“Who is dyslexic? Well quite a lot of people who run very big, very successful companies, and are well respected for what they do. That’s because they work their own way through and are no longer afraid to say they are dyslexic.”
“They are proud to be dyslexic, and that’s where I have got to. I am proud to be dyslexic.”
These were the comments of Professor Andy Ford from London South Bank’s University’s School of Built Environment and Architecture, during the opening session of Dyslexia in Engineering webinar.
The event, jointly hosted by H&V News and RAC Magazine today and following on from the first Dyslexia in Engineering Day held on 9 October last year, looked at the issue of embracing different ways of thinking across the building engineering sector.
A major theme of the event was around taking a more positive approach to the condition and building awareness in schools, colleges, work[places and wider society about what the condition means for those living with it.
The webinar also sought to consider and identify challenges and barriers to help support individuals with dyslexia into sectors such as HVACR to ensure industry can benefit from embracing neurodiversity.
Professor Ford was among dozens of specialists from across building engineering, HVAC and academia to take part in the webinar, where they shared experiences of being dyslexic, as well as supporting individuals that process and think about information in different ways.
He accepted that for young people, particularly those starting out in education, that dyslexia could be “difficult, challenging and tough”, particularly when facing the traditional educational focus on written examinations as opposed to more practical, hands-on testing.
However, in keeping with the theme of the day, Professor Ford was keen to stress that he was among a range of figures from across the HVACR sector that have forged hugely successful careers around their ability to look at engineering problems and challenges from a different perspective.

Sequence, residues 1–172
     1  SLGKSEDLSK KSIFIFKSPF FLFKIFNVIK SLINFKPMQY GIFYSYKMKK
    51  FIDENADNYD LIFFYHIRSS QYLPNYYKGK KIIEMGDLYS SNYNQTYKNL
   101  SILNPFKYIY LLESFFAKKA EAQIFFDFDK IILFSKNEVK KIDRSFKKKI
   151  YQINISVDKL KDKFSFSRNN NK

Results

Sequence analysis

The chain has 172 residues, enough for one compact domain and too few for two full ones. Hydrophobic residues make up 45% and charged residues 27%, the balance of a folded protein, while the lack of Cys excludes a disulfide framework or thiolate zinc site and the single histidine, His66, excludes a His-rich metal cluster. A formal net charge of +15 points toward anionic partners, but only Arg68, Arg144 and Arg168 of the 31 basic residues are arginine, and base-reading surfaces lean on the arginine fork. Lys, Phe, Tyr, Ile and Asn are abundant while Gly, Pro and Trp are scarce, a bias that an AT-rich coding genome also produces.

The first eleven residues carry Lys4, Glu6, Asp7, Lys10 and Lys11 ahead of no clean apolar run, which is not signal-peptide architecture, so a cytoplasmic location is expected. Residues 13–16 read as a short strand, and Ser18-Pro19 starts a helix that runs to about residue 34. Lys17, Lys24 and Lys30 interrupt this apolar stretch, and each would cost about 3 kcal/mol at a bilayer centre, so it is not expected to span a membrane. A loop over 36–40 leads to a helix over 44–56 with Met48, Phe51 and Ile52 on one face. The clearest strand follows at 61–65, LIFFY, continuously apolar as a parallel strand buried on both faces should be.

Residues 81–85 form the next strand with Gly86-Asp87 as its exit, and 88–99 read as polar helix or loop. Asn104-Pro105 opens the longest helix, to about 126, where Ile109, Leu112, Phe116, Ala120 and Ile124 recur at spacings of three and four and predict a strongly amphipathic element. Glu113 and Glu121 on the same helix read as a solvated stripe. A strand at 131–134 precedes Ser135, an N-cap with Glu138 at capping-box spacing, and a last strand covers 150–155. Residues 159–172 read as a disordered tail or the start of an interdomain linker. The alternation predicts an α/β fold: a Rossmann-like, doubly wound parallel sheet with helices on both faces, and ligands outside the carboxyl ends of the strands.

He said, “I can tell you that once I left school and moved into a profession where being imaginative and having problem solving skills and getting to solutions was a positive thing, at that moment, I realised I was in a place I could live and I could do things positively.”
Professor Ford noted that he had recently chosen to reveal his dyslexia after building a successful career in building engineering. However, the webinar also looked at the reluctance of others to decide against sharing that they have the condition in their own workplaces.
Making reasonable adjustments in education, the workplace and broader society in accepting the neurodiversity of staff who all have different ways of thinking was highlighted by panellists as one of areas they hoped to see real change across industry.
Professor Ford said it was interesting that other sectors alongside engineering that were commonly associated with seeking out dyslexic talent were sectors such as architecture and the space industry due to their different approaches to 3D visualisation and approaches to problems.
Janette Beetham, a qualified trainer offering support and development for dyslexic people, as well as being the founder of the Right Resources consultancy, noted that part of the challenge of living with the condition was in the different natures of peoples’ experiences.
She noted that the accepted definition of dyslexia - as defined under the 2006 independent Rose Review - is a condition based on a difficulty that primarily affects skills involved in accurate and fluent word reading and spelling. However, this was only one aspect of living with the condition.
Individual experiences were often unique to each individual, which can make knowing when to try and offer support or accommodate needs within a role particularly hard for companies and staff, according to Ms Beetham.
She said, “So what is dyslexia? It is a combination of challenges, which are commonly accompanied by a variety of strengths.”
Ms Beetham noted that these strengths included strong creativity and innovation, particularly around problem solving. Individuals living with the condition also showed aptitude for large-scale thinking, and being practical and hands-on within their work.
Based on her work in helping to create training programmes for dyslexia, and her own experiences of living with the condition, Ms Beetham was asked about if there was meaningful national support mechanisms or school programmes to help better support individuals.
She said that there was a lack of a clear national approach to help dyslexic individuals with learning and other challenges that could prevent them from finding their way into rewarding careers and overcome possible barriers to discovering a preference with regards to work.
A government petition issued about eight years ago had campaigned for a dyslexia focus to be a compulsory element of teacher training was heard in parliament after getting more than 50,000 signatures, according to Ms Beetham. The calls did not move forward despite initial discussions being held.
She said, “In terms of workplace support, this tends to be self-directed by employers and you hope, that once there is awareness, then employers will actively take a pro-active approach and realise that there are benefits across the the board – to the organisation to be the employer of choice, to be supportive of people that leads to staff retention - but this starts with awareness.”